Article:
Do people do this? They should! Do you do this? If you don’t, you should.
Before you assign a pull request (or a code review, or whatever your organization calls it) to someone else, review it yourself.
This seems, depending on who I talk to, either obvious or inane. The “obvious” camp says things along the lines of “of course you should look at your code”; the “inane” camp says things along the lines of “why would I read my code again, I literally just wrote it.”
The point is to read it within the GitHub (or Crucible, or GitLab, or whatever) UI — to shift your brain from ‘boop boop I am a programmer writing some code and I bet it’s fine’ mode to ‘I am a hawk with powerful vision finding deficiencies in a code change’.
Again, I know this may sound silly. But it works very well, like editing a manuscript in a different room than the one in which you read it.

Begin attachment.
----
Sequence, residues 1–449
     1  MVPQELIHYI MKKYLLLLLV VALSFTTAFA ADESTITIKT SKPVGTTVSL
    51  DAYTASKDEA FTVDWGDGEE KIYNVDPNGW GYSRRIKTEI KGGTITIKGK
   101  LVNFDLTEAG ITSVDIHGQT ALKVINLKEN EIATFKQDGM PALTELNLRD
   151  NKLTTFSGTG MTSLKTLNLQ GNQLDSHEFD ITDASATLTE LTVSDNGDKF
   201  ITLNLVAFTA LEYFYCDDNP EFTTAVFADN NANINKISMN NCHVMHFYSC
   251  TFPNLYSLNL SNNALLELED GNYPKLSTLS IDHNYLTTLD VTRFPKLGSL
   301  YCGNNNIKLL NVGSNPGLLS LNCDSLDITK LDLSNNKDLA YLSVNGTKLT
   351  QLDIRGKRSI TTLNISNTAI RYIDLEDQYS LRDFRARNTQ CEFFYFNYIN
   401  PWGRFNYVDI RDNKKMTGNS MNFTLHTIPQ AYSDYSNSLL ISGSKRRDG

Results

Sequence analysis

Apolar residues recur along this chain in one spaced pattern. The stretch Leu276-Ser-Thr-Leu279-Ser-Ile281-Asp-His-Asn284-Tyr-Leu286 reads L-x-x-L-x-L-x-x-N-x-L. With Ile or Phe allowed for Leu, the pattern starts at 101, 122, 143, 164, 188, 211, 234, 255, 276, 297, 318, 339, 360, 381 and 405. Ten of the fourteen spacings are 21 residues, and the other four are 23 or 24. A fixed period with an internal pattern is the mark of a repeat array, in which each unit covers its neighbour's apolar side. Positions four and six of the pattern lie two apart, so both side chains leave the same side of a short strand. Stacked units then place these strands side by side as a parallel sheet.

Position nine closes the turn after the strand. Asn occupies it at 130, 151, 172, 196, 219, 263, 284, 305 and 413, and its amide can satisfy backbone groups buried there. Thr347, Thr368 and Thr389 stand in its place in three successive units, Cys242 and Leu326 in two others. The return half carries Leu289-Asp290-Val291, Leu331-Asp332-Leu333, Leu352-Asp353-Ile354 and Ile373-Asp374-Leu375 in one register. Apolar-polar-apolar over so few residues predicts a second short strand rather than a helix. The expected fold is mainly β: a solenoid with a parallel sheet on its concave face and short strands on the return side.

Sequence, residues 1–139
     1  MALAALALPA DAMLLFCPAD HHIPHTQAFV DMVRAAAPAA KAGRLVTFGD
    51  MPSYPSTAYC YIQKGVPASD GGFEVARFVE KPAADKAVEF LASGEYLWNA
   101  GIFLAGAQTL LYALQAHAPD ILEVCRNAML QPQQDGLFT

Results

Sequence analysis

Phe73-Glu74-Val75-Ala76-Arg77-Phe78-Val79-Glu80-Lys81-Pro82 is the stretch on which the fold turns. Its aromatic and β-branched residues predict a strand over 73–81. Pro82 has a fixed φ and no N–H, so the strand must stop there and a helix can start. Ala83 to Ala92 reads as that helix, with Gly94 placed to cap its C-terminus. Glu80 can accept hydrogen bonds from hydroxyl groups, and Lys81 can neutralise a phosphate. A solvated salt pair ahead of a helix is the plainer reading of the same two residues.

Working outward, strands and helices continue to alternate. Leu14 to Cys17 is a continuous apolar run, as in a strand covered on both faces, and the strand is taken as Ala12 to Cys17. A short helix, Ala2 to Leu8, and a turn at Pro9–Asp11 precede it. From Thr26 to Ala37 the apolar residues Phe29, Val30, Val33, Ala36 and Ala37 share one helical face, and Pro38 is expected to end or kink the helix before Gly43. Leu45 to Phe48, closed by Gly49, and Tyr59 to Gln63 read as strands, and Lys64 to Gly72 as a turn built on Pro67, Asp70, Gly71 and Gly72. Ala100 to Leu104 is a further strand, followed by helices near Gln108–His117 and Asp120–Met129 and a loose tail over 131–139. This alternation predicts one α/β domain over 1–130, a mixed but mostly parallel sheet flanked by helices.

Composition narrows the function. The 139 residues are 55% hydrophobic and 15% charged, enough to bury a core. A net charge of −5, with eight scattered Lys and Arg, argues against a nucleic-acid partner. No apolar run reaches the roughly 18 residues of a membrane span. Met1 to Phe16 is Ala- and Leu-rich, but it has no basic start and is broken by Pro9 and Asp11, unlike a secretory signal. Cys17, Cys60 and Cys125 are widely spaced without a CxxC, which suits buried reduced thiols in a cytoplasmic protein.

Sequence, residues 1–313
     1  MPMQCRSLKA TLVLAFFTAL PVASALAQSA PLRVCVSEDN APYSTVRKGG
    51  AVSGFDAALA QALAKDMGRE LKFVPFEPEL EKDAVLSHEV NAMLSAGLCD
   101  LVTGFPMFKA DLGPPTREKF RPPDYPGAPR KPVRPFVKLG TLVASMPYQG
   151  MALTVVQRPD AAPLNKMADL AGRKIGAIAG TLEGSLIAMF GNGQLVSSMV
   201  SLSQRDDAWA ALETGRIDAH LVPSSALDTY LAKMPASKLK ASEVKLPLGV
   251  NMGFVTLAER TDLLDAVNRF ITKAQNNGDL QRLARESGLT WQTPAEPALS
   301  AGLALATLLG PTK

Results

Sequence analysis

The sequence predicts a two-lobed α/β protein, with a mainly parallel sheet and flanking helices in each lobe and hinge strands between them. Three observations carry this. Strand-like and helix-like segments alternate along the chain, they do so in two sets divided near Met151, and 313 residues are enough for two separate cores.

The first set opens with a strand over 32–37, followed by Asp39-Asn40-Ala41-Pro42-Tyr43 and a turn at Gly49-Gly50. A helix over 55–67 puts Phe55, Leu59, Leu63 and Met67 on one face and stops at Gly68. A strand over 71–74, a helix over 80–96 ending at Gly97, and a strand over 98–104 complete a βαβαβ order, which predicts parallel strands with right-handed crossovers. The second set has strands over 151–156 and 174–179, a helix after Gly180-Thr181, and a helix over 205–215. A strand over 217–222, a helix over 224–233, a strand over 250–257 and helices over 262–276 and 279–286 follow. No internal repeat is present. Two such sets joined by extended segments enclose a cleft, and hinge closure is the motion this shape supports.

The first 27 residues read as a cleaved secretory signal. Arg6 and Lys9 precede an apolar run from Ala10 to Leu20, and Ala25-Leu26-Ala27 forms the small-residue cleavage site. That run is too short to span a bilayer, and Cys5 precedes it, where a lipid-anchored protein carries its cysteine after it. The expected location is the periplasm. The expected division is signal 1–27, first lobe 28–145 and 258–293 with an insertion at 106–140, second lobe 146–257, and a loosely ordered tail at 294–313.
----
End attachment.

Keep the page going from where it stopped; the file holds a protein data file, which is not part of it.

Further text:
Two other addendums to this:
- Open PRs and review your code even for projects for which you are the only contributor. Any non-trivial 1 change gets its own PR; the process of going through a mental feedback loop is valuable, and the ritual of the Pull Request UI is effective in forcing you to stop, step out of your code-hole, and digest your approach.
- Commenting on your own PRs before assigning them is also a tremendously ergonomic way to explain particularly complex or conversation-worthy bits of your changes. 2